Conservatories of the World!Published on 15th August 2019
When you think of a conservatory, it’s difficult not to picture a white uPVC box bolted on to the back of your property. Even today, with modern conservatories becoming more and more popular, the word conservatory isn’t very inspiring.
We’re here to change that with a look at some incredible conservatories from around the world. Take a look and see what you think…
Cooled Conservatories, Gardens by the Bay, Singapore
While not a conservatory most could aspire to (although we’re happy to help you if you wanted one leading from your kitchen), Singapore highlighted the beauty and versatility of glass architecture in 2012, with the completion of their Cooled Conservatories. The structure, which won the World Building of the Year award at the World Architecture Festival, contains a 35m high waterfall, a ‘clouded forest’ and a planted footprint of more than 10,100 square meters. If cool wasn’t a word you previously associated with the conservatory, think again!
Conservatory of Flowers, Golden Gate Park, San Francisco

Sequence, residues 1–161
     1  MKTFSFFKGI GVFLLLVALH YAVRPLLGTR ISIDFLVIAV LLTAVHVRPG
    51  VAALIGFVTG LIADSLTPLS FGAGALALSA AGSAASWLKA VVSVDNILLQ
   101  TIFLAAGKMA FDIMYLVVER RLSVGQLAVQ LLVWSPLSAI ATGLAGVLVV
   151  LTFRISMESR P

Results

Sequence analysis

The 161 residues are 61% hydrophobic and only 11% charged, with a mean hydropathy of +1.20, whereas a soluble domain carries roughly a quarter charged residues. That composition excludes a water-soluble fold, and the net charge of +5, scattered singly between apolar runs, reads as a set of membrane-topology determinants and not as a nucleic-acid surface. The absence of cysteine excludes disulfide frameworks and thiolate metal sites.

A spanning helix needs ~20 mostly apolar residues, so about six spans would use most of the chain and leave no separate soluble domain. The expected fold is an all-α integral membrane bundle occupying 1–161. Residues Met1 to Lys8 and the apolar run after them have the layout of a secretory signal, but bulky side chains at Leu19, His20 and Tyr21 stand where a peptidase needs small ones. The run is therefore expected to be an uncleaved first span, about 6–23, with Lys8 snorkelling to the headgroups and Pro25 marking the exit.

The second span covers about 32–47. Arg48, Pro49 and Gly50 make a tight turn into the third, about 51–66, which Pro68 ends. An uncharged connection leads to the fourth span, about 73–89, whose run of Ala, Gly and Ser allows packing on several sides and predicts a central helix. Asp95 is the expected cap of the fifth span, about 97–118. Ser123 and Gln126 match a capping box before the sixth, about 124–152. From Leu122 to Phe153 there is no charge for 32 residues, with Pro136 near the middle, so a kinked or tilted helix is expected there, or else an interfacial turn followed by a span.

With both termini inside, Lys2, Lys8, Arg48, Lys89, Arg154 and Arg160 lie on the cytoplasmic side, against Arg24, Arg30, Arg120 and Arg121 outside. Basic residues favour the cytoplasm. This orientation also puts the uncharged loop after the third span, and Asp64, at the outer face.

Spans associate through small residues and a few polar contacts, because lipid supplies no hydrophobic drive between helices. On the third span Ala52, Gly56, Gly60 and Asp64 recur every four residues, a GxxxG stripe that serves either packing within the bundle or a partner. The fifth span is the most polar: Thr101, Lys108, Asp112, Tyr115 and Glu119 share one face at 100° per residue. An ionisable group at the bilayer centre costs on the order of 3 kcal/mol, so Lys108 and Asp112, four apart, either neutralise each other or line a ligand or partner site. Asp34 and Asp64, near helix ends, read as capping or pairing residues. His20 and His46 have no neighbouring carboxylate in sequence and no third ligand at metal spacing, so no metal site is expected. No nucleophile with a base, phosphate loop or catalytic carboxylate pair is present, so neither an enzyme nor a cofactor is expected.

The oldest conservatory in the western hemisphere, the Conservatory of Flowers was completed in 1878 and has been in constant use ever since. The survivor of several fires and a large earthquake, this is a perfect example of the incredible strength of glass architecture. As well as making a great place for the Knight of Flowers to relax when he isn’t polishing his golden armour.
Bicentennial Conservatory, Botanical Gardens, Adelaide
Curvilinear in shape, Adelaide’s botanical gardens boasts the largest conservatory in the southern hemisphere. Architecturally, it’s an interesting structure. It’s best feature though is that it is free to enter and offers visitors the chance to view and conserve threatened plants from the tropical rain forests of northern Australia, Papua New Guinea, Indonesia and the Pacific Islands. Pretty cool, huh?
We have to support one of the home teams, and in the UK Kew is hard to beat. Although there is an immense ‘Princess of Wales Conservatory’ at Kew, the gardens actually boast a number of glass houses. From the frankly stunning Davies Alpine House, to the world’s most important surviving iron and glass structure; the ornately beautiful Palm House.
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